My dad was telling me a story about a snake he found under the dock while he was contemplating (his words). I was more fascinated (and tickled) by this contemplation business than I was the snake. You see… my parents live on a small lake and they recently had a two-tiered dock built. We use the dock to sun ourselves on the weekends, fish and watch the sunset. We use the rafters under the dock to store the kayak – and apparently my dad also uses this space to spy on fish while he contemplates. Unless a snake is disturbing his flow, that is.
• Dad Style
• Things I Learned From My Dad
• The Mean Machine
• Hello Lake House. We’re Home.
Photo taken by my sister, Tara Street.
I know… it’s super cliche, but I didn’t realize that peanut butter and chocolate was like – a thing – until that one episode in the 6th season of Survivor where Jeff Probst gave a couple of girls standing on posts in an Amazonian swamp some peanut butter and chocolate in exchange for a peek at their malnourished selves. To clarify it was Oreos and a jar of Jif. I tried it but as an Oreo purist I was unimpressed.
But then years later, after an eventful evening out and a few glasses of wine in, I found myself STARVING. That’s when Jeremy busted out the organic almond butter and some 85% dark chocolate. I finally understood the peanut butter + chocolate thing because it was so good I took my clothes off.
When my sister and I first started Braid Creative we thought we might specialize in doing work for the financial industry – you see, we both have 20+ years of combined agency experience branding and creating campaigns for financial institutions. I was a little hesitant at the idea after a year of working on invitations and working with creative entrepreneurs. I wanted to keep working with “my people”. So I’m going to consider it a sign that our first clients out of the gate were Leo and Kat Evidente. A pair of wedding photographers in Ventura, California.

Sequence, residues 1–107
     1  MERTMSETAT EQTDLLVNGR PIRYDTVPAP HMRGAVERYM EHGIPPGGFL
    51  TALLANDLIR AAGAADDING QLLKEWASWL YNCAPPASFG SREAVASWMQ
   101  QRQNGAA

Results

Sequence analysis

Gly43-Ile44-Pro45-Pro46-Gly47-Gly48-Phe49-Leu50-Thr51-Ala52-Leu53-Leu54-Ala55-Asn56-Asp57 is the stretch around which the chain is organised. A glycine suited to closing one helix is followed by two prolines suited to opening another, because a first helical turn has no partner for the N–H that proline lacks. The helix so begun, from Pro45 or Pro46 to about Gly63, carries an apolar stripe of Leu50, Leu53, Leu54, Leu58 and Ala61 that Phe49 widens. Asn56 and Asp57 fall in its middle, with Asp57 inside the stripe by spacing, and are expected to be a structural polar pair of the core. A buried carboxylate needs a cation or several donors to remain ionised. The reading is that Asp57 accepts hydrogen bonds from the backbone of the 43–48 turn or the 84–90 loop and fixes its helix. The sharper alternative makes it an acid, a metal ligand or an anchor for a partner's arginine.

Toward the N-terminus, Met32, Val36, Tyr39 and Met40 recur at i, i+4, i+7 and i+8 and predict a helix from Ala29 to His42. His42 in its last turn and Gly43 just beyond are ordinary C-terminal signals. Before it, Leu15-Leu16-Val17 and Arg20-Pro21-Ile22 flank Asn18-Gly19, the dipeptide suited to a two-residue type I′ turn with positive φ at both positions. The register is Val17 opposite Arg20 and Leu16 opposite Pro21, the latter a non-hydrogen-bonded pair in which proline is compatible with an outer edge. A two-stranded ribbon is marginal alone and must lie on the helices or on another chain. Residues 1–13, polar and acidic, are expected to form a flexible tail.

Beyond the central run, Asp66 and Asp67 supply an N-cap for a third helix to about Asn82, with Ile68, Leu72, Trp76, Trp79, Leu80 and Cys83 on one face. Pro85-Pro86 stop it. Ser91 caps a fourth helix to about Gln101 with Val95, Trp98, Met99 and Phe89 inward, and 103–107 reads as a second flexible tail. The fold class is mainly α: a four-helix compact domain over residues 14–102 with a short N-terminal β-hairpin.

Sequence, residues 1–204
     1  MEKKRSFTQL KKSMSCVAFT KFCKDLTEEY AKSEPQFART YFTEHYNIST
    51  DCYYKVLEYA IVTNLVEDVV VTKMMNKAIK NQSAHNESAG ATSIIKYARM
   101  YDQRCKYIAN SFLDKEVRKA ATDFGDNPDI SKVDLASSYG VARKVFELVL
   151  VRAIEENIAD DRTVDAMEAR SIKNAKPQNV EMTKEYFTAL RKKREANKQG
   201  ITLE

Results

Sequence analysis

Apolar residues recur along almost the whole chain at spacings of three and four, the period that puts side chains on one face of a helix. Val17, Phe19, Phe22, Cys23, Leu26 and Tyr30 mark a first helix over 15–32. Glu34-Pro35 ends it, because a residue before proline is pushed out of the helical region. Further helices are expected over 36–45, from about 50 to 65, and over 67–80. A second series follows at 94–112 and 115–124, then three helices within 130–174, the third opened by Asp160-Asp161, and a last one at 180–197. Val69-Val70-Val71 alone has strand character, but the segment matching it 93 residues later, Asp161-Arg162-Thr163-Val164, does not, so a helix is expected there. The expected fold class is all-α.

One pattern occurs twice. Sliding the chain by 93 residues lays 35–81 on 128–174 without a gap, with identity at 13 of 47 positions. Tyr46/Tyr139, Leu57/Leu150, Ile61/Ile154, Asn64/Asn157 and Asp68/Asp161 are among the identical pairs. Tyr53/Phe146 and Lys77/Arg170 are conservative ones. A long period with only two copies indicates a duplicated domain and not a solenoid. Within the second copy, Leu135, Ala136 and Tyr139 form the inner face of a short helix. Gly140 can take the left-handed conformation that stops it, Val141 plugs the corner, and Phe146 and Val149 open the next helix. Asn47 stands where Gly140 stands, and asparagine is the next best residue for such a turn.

With a few Skype sessions my sister and I walked Leo and Kat through our method to uncover and materialize their brand. Leo and Kat were so cool and stylish and enthusiastic about launching their business (but maybe also a little freaked out – it’s scary being an artistpreneur). And we didn’t just give them a logo – we gave them a story and a healthy dose of confidence to hit the ground running. We felt like we had really made a difference and like that “my people” became “our people”. My sister, Tara, fell in love with working with creative entrepreneurs too.
Leo and Kat were looking for a brand that really captured their sense of modern-meets-vintage style. They really wanted to keep the name Leo Evidente Photographers (I think it’s great when artistpreneurs utilize their name and personal brand to make their mark in their industry) – but they also wanted to find a way to include Kat in the mix. I addressed this by using 2 vintage wood-cut lions (in 2 colors) in their logo design. As I was going through Leo and Kat’s portfolio I found that neutral colors + pops of red kept appearing throughout their work – I wanted to capture that aesthetic in their logo as well.
Their dream client is a young couple with a point-of-view and a story to tell. Leo and Kat are sure to tell that story with their one-of-a-kind style.
Anyway, I’m super thankful to Leo and Kat for letting us uncover their brand and for helping Braid narrow in on its dream customer.